Everyone has heard outrageous stories about weird home remedies that claim to cure certain ailments. The even weirder thing is that many of them work.
WRITER: FRED HILTON
For example, there’s the claim that “dirty socks cure sore throats.” (You put the socks around your neck.) Another one is “earwax cures cold sores.” (You rub the wax on the sore.) And these really strange ones: “corpses cure boils” and “urine cures acne.” (Let’s not think about these two, much less discuss them.)
Do these oddball treatments really work? No, of course not. You didn’t really think they might, did you?
But there is one current tale that sounds equally offbeat and actually seems to work—putting an unwrapped bar of soap under your sheets to cure leg cramps.
The idea was first published in the Ann Landers newspaper column and then touted by Dr. Mehmet Oz on “The Dr. Oz Show.” Dr. Jim Sears, of the daytime show “The Doctors,” conducted a Twitter poll and 42 percent of respondents said they used soap to alleviate nighttime leg cramps.
Medical Daily reports that “according to Andrew G. Kowal, M.D., a pain management specialist at the Lahey Clinic in Burlington, Massachusetts, the theory behind this home remedy is that a bar of soap gives off the chemical magnesium, which relieves you of leg cramps.”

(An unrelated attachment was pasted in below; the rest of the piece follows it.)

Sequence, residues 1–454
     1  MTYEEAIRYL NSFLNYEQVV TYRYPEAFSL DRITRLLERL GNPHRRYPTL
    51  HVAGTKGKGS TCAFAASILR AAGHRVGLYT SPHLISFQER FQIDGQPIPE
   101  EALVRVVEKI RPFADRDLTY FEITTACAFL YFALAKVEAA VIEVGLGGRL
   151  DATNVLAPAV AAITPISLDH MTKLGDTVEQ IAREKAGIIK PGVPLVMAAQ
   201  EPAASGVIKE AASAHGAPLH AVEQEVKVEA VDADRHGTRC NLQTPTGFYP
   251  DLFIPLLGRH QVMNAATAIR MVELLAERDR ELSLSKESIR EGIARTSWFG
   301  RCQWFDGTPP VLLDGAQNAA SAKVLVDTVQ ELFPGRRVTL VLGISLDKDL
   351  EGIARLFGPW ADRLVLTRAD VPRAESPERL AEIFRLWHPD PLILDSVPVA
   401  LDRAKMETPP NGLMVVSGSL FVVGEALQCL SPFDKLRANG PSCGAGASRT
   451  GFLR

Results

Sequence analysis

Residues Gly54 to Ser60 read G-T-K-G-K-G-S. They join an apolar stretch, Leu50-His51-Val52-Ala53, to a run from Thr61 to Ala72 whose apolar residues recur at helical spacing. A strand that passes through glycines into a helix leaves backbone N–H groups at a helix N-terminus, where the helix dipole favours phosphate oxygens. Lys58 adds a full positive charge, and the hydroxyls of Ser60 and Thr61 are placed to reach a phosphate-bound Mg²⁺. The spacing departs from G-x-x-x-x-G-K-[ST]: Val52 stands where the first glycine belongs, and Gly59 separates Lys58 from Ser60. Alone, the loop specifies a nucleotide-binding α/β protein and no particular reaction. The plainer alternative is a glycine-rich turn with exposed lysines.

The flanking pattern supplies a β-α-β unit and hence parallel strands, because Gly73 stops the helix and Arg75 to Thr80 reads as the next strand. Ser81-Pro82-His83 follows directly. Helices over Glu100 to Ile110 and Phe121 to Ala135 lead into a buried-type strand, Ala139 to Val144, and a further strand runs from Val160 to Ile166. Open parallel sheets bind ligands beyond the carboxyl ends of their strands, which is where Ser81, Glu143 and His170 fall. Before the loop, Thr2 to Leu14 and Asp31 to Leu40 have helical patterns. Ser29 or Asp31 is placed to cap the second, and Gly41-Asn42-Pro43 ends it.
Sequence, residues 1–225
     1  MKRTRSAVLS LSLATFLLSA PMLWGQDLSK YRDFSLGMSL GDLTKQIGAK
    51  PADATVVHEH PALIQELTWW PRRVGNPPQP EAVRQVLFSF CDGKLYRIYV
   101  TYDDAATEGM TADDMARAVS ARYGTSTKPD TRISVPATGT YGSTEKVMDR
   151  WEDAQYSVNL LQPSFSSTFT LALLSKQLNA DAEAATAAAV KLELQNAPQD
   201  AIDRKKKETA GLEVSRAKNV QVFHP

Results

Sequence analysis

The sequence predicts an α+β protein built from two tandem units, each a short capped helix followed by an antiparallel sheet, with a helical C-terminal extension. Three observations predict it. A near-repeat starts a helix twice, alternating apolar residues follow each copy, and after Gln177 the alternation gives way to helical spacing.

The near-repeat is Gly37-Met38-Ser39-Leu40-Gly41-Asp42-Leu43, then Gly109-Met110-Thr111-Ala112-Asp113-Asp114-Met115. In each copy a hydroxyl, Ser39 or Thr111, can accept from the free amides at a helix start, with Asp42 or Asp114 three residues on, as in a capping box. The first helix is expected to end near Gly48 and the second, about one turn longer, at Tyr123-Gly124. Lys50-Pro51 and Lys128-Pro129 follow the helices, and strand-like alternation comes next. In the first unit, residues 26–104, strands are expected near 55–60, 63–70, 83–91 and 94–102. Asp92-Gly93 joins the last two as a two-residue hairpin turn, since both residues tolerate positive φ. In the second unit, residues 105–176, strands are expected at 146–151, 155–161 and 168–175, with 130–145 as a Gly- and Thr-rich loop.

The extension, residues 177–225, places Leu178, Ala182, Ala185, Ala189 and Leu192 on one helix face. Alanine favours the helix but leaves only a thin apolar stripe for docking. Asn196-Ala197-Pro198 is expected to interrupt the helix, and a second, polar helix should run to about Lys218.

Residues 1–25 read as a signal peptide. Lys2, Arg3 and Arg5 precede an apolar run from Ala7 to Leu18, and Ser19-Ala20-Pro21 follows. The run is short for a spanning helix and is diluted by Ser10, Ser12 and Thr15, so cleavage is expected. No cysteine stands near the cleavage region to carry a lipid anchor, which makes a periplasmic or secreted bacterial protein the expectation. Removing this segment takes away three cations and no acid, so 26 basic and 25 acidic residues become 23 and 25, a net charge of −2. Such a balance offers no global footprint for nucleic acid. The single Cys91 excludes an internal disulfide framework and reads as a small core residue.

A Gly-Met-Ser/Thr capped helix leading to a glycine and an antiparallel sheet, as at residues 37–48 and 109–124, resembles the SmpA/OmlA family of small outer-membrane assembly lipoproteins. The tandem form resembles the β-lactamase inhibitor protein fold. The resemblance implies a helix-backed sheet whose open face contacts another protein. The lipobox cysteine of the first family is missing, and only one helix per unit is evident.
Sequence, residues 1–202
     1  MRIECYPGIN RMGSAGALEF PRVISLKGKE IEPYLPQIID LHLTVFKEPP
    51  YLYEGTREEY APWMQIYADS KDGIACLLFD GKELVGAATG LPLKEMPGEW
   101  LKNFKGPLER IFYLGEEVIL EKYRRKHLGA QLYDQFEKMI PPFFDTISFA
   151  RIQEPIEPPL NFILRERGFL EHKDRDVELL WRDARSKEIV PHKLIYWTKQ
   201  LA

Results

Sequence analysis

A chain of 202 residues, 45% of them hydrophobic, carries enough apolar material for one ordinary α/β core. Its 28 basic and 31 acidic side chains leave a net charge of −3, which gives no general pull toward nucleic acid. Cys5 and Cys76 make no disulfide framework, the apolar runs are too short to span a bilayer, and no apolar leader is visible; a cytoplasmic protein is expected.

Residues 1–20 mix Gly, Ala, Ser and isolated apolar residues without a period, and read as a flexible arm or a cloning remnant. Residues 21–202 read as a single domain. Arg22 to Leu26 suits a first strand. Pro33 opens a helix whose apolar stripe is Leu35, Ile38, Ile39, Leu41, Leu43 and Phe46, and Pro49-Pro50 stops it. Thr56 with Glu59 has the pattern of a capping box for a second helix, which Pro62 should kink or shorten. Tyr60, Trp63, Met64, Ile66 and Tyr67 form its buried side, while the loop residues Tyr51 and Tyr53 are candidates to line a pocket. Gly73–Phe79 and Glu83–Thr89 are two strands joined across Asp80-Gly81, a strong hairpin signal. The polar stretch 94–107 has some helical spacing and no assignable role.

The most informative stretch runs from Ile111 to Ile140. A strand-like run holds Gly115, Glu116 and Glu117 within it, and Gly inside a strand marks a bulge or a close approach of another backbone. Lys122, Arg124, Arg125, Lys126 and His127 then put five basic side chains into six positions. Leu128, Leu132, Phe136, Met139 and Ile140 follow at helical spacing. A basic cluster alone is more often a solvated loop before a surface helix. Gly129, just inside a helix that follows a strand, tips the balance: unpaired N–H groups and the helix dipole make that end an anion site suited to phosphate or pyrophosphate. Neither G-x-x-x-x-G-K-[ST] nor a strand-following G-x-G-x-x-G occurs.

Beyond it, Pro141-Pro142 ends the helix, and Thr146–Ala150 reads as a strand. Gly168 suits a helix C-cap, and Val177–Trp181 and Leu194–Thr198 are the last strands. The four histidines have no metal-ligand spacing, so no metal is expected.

The magnesium may be one answer for the curing powers of the soap. Another may simply be the pleasant odor. Dr. Oz believes the scent of lavender soap is relaxing and may be beneficial for restless leg syndrome.
It could merely be a placebo effect but, as The People’s Pharmacy points out, “it’s a remarkably strong one. Many people who have suffered for months, if not years, from painful, nocturnal cramps in their legs and feet have found immediate and long-lasting relief just by slipping a thin, innocent bar of soap beneath the sheets.”
The bar of soap isn’t effective for stopping cramps after a few months. Either replace it or shave it to produce new surfaces. The soap also should be placed close to the cramping muscle.
Snopes.com, an internet myth buster, calls the soap/leg cramp story “unproven” but admits there are reports of it working. “Perhaps this is a case of believing making it so—the soap itself has no effect, but the sufferer’s faith in the procedure serves to effect the miracle.”
Snopes adds: “Yet, skepticism aside, for those subject to nocturnal leg cramps, this bit of folk wisdom is clearly worth a try, in that the only potential downside is their having to share their beds with slivers of soap.” (Well, that and having their spouses think them a bit loony.)